The year 1985 was one of sombre realism for the OAU at its 20th summit. Delegates arrived at an airport full of relief planes bearing food for the starving and this was a constant reminder of the fundamental problems facing the continent as a whole. This report by Richard Hall, filed from Addis Ababa, was first published by New African in January 1986.
“Your problems will never by fully solved until and unless ours are solved. You will never be fully respected until and unless we are also respected. You will never be recognised as free human beings until and unless we are also recognised and treated as human beings,” Malcolm X pleaded in a speech given at the OAU Summit on 17 July 1964, asking African leaders to take up the plight of the then 22 million African-American community in the USA who were experiencing racial discrimination by their own government.
Ghana’s first president, Kwame Nkrumah’s speech at the founding of the OAU has since become a classic, even iconic. In front of 31 other African heads of state who met in the Ethiopian capital, Addis Ababa, on 24 May 1963, Nkrumah appealed, cajoled, and did everything in perhaps his greatest speech ever to convince his colleagues to go the whole hog and create a strong continental union. Sadly, they decided otherwise. Below is an extract from that speech.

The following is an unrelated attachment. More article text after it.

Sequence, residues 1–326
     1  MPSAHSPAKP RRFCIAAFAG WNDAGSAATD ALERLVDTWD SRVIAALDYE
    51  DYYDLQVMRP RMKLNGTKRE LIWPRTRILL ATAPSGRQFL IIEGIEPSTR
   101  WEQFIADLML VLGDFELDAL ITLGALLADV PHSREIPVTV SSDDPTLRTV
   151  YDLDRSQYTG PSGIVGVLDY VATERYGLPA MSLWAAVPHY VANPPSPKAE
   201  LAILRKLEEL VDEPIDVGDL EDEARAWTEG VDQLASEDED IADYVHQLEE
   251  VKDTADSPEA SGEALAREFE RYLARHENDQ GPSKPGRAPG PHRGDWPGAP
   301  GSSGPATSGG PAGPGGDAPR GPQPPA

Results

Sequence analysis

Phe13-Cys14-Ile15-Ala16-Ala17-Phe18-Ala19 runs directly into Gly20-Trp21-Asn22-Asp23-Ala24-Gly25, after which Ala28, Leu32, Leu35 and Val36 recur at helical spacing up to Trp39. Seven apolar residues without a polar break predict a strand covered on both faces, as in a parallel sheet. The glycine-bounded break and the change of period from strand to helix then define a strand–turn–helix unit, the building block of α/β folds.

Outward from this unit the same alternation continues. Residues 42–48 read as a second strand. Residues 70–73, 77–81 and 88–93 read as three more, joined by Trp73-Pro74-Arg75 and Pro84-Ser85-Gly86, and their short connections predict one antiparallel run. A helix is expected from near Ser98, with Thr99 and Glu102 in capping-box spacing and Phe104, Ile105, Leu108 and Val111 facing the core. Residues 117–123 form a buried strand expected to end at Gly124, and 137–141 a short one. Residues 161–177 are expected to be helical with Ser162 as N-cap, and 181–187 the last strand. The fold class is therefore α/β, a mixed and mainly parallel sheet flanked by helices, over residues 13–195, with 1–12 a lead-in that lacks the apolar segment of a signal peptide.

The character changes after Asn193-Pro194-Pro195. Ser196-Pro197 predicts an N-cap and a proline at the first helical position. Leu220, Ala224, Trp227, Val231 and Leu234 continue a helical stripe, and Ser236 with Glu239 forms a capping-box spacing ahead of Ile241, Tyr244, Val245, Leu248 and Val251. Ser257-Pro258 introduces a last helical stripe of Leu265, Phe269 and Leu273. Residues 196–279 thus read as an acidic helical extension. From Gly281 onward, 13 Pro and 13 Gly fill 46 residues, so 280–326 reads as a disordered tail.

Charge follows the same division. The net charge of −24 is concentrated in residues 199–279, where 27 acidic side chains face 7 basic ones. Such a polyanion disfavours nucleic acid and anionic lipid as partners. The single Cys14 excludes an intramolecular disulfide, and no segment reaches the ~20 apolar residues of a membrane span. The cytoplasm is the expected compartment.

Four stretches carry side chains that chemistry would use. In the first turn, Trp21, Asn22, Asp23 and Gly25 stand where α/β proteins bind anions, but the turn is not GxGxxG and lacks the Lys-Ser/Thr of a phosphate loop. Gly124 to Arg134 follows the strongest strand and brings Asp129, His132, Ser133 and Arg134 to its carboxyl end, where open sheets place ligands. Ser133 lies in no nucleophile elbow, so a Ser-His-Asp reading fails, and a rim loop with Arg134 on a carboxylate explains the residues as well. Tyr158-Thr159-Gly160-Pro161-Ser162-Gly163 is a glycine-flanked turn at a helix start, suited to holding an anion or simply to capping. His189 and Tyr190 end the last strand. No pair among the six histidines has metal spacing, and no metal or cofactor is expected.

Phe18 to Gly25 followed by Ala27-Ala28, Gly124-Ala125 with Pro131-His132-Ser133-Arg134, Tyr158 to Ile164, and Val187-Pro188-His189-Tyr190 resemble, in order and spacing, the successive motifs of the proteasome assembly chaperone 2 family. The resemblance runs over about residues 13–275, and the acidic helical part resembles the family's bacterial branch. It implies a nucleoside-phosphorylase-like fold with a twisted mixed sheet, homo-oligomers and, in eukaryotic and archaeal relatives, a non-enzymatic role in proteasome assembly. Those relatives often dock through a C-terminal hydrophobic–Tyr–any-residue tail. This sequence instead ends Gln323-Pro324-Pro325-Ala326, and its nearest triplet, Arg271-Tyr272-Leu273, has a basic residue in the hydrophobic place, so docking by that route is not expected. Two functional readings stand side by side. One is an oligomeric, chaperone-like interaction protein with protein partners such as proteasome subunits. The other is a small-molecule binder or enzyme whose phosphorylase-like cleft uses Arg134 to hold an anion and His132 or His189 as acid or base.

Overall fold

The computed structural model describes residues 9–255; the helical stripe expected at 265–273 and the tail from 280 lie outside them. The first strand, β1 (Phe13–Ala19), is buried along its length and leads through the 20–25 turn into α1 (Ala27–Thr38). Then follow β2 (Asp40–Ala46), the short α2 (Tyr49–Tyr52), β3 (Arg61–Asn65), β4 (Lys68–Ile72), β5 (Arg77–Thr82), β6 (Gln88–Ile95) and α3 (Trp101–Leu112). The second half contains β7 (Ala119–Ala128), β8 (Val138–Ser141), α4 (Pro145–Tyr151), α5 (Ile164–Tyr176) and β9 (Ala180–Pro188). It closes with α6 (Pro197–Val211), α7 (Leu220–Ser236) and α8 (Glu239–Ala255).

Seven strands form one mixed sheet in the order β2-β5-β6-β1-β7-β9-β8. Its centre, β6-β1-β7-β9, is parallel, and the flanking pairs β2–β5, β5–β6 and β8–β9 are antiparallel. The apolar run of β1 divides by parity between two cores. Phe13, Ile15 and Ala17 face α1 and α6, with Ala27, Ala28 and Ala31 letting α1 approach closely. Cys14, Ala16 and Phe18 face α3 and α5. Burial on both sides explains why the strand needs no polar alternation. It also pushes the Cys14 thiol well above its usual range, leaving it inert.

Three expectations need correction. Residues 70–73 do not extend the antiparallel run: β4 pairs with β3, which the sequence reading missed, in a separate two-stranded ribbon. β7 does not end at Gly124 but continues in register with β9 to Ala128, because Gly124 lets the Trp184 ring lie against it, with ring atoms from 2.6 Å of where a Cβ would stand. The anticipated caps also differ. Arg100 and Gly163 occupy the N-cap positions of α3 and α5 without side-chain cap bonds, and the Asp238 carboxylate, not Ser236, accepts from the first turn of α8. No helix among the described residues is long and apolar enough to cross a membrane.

When Africans today look back on the performance of the OAU in the 39 years it existed, they tend to forget how external interests contributed to the weaknesses of the Organisation. From its very beginnings, the Organisation was hamstrung by the machinations of Western countries which feared that a strong African continental union would damage their interests in Africa. Osei Boateng has been looking at the history books.
The signing of the charter of the Organisation of African Unity (OAU) in Addis Ababa on 25 May 1963 was the culmination of years of efforts by African leaders, in which President Kwame Nkrumah of Ghana and Emperor Haile Selassie of Ethiopia played prominent roles. We look back at how the OAU was born, some of its achievements (particularly in the liberation struggle), and unfinished business on the economic front. This was first published by New African in June 200
Steven Spielberg’s new film, Lincoln, may have won a clutch of gongs at the 85th Academy Awards (otherwise known as the Oscars), which were being held as we went to print. However, Lincoln the movie is in essence a masterpiece of misinformation because, in reality, the central character of the film did not free African slaves in the USA as the film claims. Leslie Goffe reports
Piracy began over 2,000 years ago when sea robbers threatened the trading routes of Ancient Greece. This brief history of piracy is reproduced here by courtesy of the Royal Naval Museum Library, London.
Steve Biko, the celebrated political activist, has been the subject of a number of books. But a new one, written by Xolela Mangcu, is set to become a seminal biography. And this is not just history – as Mangcu explains. Biko’s life and the Black Consciousness Movement are as relevant to South Africa today as they were during the anti-apartheid struggle.